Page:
Honey bees tagged with RFID chips
The mysterious drop in honey bee populations—often called colony collapse disorder for lack of a more specific name—has generated a long list of suspects that includes mites, viruses, malnutrition, and even cell phone radiation. Two new studies published in Science suggest that neonicotinoids, a class of widely used insecticides, may belong at the top of the list.
That an insecticide kills insects like bees is not particularly surprising. Neonicotoinoids have already been partially banned in Italy, Germany, and France for their possible role in colony collapse disorder. Still, it remains one of the most common pesticides: one neonicotoinid alone, imidacloprid, is authorized for use on over 140 crops in 120 countries. Results from the two new studies suggest that even doses that do not kill the bee immediately can have enough ill effect to eventually cause colony collapse.
The first study in the UK compared 75 bumble bee colonies that researchers had exposed to varying levels of neonicotoinoids over 14 days. (Colony collapse disorder refers specifically to honey bees, but bumble bee numbers have been dropping off too.) After six weeks of foraging in the field, the colonies exposed to low and high levels of insecticide were 8% and 12% smaller, respectively, than controls. They also produced on average only one or two queens compared to nearly 14 in unexposed colonies. Since bumble bees die off every winter and only the queen survives to found a new colony in the spring, it’s easy to see how this could spell bad news for bumble bee populations.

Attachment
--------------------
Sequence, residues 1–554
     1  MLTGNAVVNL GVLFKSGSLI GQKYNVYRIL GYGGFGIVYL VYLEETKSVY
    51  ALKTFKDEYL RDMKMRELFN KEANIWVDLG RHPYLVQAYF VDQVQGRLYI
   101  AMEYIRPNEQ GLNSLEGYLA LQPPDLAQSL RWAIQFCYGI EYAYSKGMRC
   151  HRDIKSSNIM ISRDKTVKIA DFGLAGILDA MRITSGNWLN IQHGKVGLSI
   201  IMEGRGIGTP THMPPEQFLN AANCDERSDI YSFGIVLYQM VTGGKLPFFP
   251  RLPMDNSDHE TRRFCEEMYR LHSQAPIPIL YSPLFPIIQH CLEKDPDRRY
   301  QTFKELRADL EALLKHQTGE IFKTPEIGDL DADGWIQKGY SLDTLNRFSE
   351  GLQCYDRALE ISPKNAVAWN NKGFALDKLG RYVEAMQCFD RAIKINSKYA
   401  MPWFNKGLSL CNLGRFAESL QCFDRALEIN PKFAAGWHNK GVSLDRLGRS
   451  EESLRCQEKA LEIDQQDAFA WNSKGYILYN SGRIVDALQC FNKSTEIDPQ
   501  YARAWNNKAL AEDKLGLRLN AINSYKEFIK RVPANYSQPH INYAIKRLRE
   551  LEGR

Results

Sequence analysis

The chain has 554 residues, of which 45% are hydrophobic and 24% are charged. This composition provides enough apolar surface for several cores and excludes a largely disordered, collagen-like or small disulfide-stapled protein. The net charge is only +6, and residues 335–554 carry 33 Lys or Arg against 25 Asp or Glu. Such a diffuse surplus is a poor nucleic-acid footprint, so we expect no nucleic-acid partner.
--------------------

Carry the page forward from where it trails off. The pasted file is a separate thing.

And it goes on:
A second team in France, previously profiled in Discover, tracked the movements of individual honey bees. They were tagged with RFID chips (tiny chips—see picture above) that alerted researchers each time a bee got back to the hive safely. When the researchers released these bees out randomly in the wild, only 56.8% of exposed bees made it back compared to 83.1% of unexposed ones—a difference that is enough to tip colonies to collapse, according to population models. The exposed bees may have been too disoriented to navigate, as neonicotoinoids kill by messing with receptors in the brains of insects.
Results from these two studies point toward a role of neonicotoinoids in colony collapse, though ultimately, there are probably multiple interconnected reasons. For example, previous research has found that neonicotoinoids also make bees more susceptible to fungal pathogens. Despite the work of pesticide companies trying to find alternative explanations, it’s looking increasingly likely that their chemicals have some role in killing bees.
Image: Science / AAAS